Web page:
|in the Givat Haviva|
Collaborative Art Center
The day of the “Nakba” – the “catastrophe” – is the day the Palestinian people commemorates the tragedy that befell them in 1948, when between 700,000 and 1,000,000 Palestinians became refugees in the West Bank, Gaza, Arab states, and other places around the world, and many others became “internal refugees,” uprooted from their homes, who came to live elsewhere in Israel.
The Nakba is an open wound that burns and throbs in Palestinian collective memory. For twenty percent of the citizens of our country, Israel, Nakba Day symbolizes their national trauma of expulsion and destruction, and the personal and family trauma of losing relatives, homes, land, trees and flowers – a loss that has accompanied their families and people since 1948. In order for us to be able to have a shared life here, we must heal the rifts and accept our different identities. In order to have a future of peace, we must build a foundation of a shared society in the present, based on recognition, equality, trust, sincerity, and goodwill, to accept each other and the harm we inflict on each other.
Both sides have a need to express their pain, fear, and anger, and to have their own sense of harm recognized. This is possible without blaming the other, simply by recognizing the others’ suffering and taking personal and collective responsibility. This is why it is so important to stop Israel’s institutionalized efforts to ignore the Nakba. The sooner we can change and consent to be changed, the sooner we can accept the Nakba, the harm, and the associated responsibility, the sooner we can bring peace and an end to the violence. As we cultivate our ability to understand that the Nakba continues today (in Palestine, in our country, and around the world, there is already a fourth generation of Palestinian refugees), we will hasten our reconciliation and mutual recognition, and enhance our ability to maintain Israel as the nation-state of the Jewish people, which is also a state of all its citizens, with full equality for its Arab-Palestinian citizens. That is why I feel compelled today to commemorate the Nakba.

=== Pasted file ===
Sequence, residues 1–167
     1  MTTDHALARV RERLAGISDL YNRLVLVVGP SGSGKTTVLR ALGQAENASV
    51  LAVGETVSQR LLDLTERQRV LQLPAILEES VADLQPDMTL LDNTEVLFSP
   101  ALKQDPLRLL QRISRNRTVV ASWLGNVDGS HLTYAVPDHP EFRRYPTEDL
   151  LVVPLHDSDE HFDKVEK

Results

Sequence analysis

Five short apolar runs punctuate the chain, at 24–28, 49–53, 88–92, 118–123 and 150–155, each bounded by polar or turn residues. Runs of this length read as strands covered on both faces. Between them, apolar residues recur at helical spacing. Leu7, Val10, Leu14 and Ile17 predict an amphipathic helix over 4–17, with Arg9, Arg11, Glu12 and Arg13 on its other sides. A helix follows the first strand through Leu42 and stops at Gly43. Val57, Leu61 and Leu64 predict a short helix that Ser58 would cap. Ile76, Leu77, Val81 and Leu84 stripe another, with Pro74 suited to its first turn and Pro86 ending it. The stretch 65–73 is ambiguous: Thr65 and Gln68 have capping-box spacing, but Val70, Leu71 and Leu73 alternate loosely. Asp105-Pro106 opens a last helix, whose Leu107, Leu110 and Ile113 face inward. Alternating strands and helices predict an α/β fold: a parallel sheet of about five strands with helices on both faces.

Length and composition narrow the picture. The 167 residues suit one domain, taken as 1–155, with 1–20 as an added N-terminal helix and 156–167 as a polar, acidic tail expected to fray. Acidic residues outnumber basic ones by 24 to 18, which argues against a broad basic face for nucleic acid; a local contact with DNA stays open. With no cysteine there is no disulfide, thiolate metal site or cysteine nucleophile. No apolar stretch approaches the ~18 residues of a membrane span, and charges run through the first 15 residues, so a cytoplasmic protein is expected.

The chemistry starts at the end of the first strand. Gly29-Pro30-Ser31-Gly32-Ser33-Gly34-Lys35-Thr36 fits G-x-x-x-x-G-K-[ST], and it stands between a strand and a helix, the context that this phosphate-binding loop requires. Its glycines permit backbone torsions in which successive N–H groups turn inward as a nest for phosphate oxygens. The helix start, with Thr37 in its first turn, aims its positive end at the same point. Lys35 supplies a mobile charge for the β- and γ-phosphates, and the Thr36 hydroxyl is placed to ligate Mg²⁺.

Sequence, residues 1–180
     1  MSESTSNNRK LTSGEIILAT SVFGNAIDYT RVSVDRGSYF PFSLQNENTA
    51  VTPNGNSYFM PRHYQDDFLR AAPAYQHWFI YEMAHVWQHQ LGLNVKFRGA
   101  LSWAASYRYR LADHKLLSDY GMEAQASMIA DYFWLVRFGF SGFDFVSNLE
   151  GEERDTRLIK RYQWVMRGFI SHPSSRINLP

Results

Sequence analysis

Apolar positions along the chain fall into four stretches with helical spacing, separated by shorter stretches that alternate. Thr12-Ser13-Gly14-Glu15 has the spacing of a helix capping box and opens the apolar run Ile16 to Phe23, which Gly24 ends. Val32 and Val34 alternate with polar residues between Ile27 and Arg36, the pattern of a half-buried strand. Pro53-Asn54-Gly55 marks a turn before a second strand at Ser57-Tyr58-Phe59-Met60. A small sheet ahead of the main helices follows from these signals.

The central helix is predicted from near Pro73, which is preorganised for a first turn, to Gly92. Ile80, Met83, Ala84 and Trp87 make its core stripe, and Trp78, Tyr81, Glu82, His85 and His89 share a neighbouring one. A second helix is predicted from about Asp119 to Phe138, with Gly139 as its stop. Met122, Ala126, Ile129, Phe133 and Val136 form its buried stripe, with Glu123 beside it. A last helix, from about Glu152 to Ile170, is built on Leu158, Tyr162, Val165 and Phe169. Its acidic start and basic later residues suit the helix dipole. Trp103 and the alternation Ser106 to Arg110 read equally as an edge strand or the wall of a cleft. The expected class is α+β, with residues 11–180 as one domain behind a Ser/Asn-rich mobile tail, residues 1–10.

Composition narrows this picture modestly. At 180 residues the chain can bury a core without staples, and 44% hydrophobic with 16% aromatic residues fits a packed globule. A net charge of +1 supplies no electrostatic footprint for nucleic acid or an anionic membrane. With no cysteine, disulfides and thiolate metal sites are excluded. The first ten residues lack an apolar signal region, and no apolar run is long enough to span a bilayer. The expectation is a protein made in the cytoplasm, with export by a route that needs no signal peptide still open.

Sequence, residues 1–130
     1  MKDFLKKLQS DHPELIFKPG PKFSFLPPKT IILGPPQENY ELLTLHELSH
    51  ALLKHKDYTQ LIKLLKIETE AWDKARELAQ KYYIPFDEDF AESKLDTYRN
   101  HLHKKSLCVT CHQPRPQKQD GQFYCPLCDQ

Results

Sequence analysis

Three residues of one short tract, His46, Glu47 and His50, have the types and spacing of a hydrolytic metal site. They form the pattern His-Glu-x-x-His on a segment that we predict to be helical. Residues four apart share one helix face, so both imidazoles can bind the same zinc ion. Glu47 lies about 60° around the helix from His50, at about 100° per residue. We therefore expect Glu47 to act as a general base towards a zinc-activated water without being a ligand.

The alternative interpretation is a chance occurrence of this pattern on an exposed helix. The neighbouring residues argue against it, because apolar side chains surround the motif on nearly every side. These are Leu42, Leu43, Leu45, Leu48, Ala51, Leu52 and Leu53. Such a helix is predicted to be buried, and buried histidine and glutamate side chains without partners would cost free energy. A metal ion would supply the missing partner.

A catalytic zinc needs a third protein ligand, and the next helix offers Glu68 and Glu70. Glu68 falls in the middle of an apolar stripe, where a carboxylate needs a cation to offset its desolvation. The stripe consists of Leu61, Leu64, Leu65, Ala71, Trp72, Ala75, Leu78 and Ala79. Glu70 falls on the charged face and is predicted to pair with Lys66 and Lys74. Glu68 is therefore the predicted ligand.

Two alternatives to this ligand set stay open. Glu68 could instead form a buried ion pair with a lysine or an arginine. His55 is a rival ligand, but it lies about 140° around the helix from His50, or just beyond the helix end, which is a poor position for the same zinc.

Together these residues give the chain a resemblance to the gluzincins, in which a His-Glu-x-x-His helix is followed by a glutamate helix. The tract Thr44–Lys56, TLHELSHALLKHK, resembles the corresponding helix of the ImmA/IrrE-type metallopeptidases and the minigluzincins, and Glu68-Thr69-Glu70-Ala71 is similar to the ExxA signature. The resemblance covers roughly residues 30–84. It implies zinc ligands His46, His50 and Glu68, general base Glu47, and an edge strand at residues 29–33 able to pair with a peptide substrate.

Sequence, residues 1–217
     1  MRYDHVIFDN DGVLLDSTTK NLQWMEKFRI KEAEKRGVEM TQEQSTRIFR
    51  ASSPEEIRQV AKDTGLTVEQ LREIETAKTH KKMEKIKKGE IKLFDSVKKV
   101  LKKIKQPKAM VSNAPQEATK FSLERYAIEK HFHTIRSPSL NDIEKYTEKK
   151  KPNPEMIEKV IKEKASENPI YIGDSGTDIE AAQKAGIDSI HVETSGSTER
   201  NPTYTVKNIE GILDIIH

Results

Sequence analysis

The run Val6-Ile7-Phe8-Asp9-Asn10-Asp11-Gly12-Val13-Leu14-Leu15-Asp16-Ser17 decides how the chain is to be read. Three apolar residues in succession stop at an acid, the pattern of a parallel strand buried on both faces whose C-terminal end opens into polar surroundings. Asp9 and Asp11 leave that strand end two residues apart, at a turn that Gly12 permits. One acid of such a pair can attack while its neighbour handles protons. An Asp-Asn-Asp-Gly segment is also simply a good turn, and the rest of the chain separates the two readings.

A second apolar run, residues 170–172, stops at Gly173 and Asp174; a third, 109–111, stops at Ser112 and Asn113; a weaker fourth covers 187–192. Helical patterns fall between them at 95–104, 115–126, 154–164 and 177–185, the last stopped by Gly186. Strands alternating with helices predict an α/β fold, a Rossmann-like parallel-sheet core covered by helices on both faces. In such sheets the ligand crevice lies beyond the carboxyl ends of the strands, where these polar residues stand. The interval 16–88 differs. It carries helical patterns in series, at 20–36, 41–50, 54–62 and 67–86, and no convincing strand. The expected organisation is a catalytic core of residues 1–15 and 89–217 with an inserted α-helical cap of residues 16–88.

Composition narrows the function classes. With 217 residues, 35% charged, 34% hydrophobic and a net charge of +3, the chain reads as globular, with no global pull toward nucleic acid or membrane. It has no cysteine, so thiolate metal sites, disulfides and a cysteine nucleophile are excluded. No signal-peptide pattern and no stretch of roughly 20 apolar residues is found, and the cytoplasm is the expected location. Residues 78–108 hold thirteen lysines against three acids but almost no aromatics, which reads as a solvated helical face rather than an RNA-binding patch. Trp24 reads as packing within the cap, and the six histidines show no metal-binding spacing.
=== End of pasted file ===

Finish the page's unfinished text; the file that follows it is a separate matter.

Thus, together with my partners, Arab-Palestinian citizens of Israel, we will succeed in building a shared society here, and to turn conflicting identities into inclusive identities. This is how we will build a bridge to peace, to ensure the future of our country and of our children.